Strawberry Yuu-Hime Mochi Dumplings

Strawberry Yuu-Hime Mochi Dumplings

These ichigo-daifuku (strawberry mochi dumpling) style Japanese sweets resemble Girls' Day dolls. Strawberries are wrapped in matcha tea-flavored an (sweet bean paste) and then dressed up in a thin, soft glutinous rice dough called gyuuhi. Try making them for a cherry blossom viewing party.

Ingredients: 6 princess dumplings

Sweet white bean paste (shiro-an)
120 g
1 teaspoon or to taste
For the gyuuhi (rice dough):
50 g
100 ml
Castor sugar, or superfine or baker's sugar
80 g
Cornstarch (for dusting)
as needed


1. Wash the strawberries, take off the hulls and carefully pat them dry with paper towels.
2. Add the matcha to the shiro-an. When it's well mixed, divide into 6 portions.
3. Invert a strawberry and cover 2/3 with the white bean paste. If the bean paste is soft, use a paper towel as shown here.
4. Form the part that will face forwards into a V. They should be cone-shaped.
5. Spread plenty of cornstarch onto a large cutting board.
6. Put shiratama flour into a heatproof container, and add water little by little. Add sugar and mix well.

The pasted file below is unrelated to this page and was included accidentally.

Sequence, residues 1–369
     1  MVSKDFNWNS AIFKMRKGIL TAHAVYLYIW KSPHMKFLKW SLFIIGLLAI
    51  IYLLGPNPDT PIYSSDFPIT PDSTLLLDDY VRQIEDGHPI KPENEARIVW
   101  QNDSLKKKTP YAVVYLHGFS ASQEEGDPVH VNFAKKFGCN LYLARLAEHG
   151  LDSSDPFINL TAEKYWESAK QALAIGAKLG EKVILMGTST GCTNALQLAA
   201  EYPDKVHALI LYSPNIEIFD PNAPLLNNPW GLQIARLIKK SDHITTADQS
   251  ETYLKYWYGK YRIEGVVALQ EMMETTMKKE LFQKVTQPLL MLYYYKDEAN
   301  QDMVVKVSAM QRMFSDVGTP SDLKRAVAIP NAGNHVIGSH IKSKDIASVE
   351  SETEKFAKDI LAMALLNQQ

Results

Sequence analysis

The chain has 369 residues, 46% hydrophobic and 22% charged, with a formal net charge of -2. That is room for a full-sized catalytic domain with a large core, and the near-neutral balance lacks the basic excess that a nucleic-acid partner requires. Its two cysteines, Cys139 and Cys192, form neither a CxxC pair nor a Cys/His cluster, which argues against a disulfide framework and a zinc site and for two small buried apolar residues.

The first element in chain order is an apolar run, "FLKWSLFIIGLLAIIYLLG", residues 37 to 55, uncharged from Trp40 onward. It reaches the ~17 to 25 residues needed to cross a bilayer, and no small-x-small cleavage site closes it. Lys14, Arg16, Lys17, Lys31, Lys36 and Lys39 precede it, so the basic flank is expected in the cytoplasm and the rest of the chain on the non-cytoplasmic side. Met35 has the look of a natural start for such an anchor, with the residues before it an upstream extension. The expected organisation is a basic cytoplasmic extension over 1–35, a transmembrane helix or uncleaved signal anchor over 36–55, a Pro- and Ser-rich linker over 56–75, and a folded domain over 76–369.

7. Cover loosely with plastic wrap, and microwave for 2 minutes (at 600w). Take it out and mix well.
8. Microwave for another minute. When it puffs up, take it out and mix again. It's done when it turns shiny as shown in the photo.
9. Take the dough out onto the cornstarch. If you can drop the dough on the board so that it's as flat as possible, the following steps will be easier.
10. Dust the top of the dough with cornstarch. Spread the dough out by pressing with your fingers and lifting it until it's about 30cm x 20cm in size. It's hot to start with, but cools down quickly.
11. When the dough has cooled completely, cut off the rough edges to straighten them and slice the dough into 6 pieces.
12. Wrap a piece of dough around each paste-covered strawberry as if you were dressing it in a kimono.
13. The ends stretch out a lot, so arrange them however you like.
14. You can wrap it round and round to make a baby princess.
15. I stretched out the end of the dough to the back, to look like a long train on a princess kimono. When it's shaped like this, it's easier to eat.

Story Behind this Recipe

I read Yasushi Inoue's historical novel. "The Samurai Banner of Furin Kazan", and was really drawn to the character of warlord Shingen Takeda's concubine Yuu-hime (Princess Yuu), and was inspired to make these dumplings in her image.
I used canned sweet white bean paste, which I always have in stock.